Composer Nakayama Shimpei (1887-1952) wrote more than 300 popular songs in his lifetime. Most are still well known and recorded regularly. An entrepreneur, he found ways to create popular songs that powered Japan’s nascent recording industry in the 1920s and 1930s. An artist, his combination of Japanese and Western musical styles and tropes appealed to Japanese sentiments in a way that not only reflected the historical and social context, but anticipated and explained those historical changes to his listeners.
This book seeks to apply contextual analysis of Nakayama’s popular songs to the events that occurred in the context of Japan’s development of a record industry and popular music market between 1887 and 1952. The book evaluates Nakayama’s positions within the world of musicians, and as a bridge between intellectuals and pure artists, on the one hand, and the Japanese people on the other to understand how popular songs can enrich and deepen our understanding of the history of political and industrial development in modern Japan.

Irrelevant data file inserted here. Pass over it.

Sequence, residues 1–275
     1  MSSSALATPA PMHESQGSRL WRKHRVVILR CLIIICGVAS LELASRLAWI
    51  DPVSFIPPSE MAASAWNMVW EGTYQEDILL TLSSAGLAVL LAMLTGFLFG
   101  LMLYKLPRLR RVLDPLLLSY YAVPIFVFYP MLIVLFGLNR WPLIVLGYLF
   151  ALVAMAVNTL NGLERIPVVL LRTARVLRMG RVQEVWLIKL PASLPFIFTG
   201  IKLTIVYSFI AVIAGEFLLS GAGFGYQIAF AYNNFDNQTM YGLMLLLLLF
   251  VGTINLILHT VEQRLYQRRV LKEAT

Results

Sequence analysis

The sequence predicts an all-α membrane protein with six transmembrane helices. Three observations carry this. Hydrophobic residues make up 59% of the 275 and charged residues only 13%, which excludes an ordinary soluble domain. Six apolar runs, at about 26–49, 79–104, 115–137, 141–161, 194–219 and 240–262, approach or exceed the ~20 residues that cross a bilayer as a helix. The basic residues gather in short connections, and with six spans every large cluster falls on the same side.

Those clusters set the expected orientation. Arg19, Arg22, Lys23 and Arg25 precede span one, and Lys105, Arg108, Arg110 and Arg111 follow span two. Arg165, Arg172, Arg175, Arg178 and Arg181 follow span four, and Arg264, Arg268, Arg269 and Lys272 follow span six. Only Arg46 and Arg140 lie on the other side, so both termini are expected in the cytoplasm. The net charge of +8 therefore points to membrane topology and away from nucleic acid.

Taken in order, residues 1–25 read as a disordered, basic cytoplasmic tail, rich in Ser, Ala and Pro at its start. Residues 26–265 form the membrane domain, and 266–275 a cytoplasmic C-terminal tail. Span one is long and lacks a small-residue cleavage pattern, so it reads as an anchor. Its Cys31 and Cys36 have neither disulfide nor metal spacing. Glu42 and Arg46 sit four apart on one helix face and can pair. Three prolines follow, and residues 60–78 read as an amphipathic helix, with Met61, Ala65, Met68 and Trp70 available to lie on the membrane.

The book concludes that Nakayama’s uncanny ability to make listening to Western music a comfortable experience for Japanese by adding elements from Japanese musical styles allowed him to be successful financially, and to hold respect within the artistic community as well. His skill in creating songs that spoke to large groups of people, successfully marketing those songs through an understanding of how music would sound on record, and careful communication with his audiences to understand their interests and lives made him the most popular composer of his time, and a powerful asset for Japan Victor, Inc., his record company. The ultimate goal of the book is to show how popular songs can be utilized as primary sources to help deepen our understanding of historical contexts.